There should always be the assessment of the technical guidelines during the context of the operational goals, which are set in the water supply. On the other hand, the process of planning should lead to the production of the reports, which are capable of defining the objectives and the purpose of the water supply in residential and industrial places or areas. This is because the availability of such reports actually acts as an overall guideline, and also aids in both selection and generation of alternative technologies, which could be utilized in providing water supply. The communities to be served should, therefore, be duly involved or engaged in the entire planning process of water supply.
The communities in both residential and industrial areas should be involved in all he stages of planning, implementation, and even maintenance of the water supply project through the independent community committees. The technologies involved in the water supply for the residential and industrial areas should always be cost-effective.
Water supply options
At most times, the water supply terminals are normally categorized as being either public or private installations. Communal or public installations are those ones, which the general public and the entire community as well have access to. The supply of water to industrial and residential areas will depend on the various factors, such as, for instance, the chosen method of cost recoveries, affordability of the water supply systems by the users and the agency, unit costs to the final end users, and long-term maintenance needs. Water supply may include the rudimentary systems, which are also known to fall under the communal or public water supply terminals.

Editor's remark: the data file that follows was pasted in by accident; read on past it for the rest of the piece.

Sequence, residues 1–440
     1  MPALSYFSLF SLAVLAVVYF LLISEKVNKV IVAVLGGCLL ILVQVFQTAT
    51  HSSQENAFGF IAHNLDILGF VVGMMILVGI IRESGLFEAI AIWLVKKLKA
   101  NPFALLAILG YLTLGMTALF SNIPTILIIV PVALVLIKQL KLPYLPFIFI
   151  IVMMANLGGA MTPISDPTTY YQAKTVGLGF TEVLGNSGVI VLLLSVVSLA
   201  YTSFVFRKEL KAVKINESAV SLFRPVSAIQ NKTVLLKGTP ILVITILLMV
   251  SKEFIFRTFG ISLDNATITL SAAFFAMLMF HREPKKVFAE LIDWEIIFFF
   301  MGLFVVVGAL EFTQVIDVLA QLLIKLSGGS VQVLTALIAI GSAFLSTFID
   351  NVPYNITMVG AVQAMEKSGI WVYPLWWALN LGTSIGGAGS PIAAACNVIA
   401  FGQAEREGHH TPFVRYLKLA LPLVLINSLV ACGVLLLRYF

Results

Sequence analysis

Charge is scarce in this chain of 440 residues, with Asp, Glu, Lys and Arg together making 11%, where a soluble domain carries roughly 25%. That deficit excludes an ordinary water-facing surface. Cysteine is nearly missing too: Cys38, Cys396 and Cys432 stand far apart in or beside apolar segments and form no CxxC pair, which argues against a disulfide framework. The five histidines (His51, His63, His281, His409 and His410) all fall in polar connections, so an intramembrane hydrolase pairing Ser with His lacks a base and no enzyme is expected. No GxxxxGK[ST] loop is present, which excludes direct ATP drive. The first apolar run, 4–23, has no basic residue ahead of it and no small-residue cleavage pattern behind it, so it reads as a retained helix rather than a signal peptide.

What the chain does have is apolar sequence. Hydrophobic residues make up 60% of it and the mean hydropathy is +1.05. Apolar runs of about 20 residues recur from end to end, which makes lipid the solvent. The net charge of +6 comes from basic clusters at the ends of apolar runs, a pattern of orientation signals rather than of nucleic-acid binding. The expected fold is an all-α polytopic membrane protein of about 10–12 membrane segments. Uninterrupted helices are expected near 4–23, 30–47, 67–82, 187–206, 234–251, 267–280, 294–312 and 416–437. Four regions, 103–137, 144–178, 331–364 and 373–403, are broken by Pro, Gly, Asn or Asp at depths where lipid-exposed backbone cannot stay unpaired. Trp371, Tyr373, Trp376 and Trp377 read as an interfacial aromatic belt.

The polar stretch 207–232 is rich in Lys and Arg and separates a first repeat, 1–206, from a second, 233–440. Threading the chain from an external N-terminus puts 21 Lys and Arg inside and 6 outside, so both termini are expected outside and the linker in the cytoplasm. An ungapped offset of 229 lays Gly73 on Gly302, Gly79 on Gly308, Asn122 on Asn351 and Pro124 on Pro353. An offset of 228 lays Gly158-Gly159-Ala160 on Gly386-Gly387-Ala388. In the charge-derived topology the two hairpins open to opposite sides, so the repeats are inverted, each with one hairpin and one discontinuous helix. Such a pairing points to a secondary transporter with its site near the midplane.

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Design criteria for water supply
In most instances, water storage and distribution or supply are the most expensive parts of any given water supply scheme project. As a result, a good design in the water supply to both residential and industrial areas can normally lead to the significant cost savings for the entire project. Some of the elements, which are involved in the water supply and storage systems, are bulk water transmission or supply systems, bulk storage reservoirs, intermediate storage reservoirs, distribution or supply networks, and terminal consumer connections or installations. Water demand is normally dependent on the areas’ historical consumption. In the circumstances, where there is a lack of records regarding water consumption, the current “consumption per capita” is used in estimating through making consultations with the residents. An enhanced supply estimate can be achieved through the study of current water supply systems in both the industrial and residential areas.
Hydraulic Formulae used for sizing the components
In sizing pipeline components, any hydraulic formulae that are recognized may be used. At most times, pipelines have emerged as being the most common forms used in the supply or transmission of water in both residual and industrial places. However, aqueducts, tunnels, and canals may also be used in water supply. Water supply or transmission conduits may normally need considerable investments in capital and thus all the technical options linked costs should be evaluated carefully when choosing best solutions in each specific case. The use of pipelines will also imply that there are short transmission distances and minimum water loss. It should also be noted that the use of canals will actually lead to longer distances in transmission, higher losses, and low quality of water, because of algal growth. Despite of that due to the labour intensive constructions and lower costs, this option may actually prove to be more attractive. Water is capable of being transported either through pumping or through gravity; the latter is always preferred.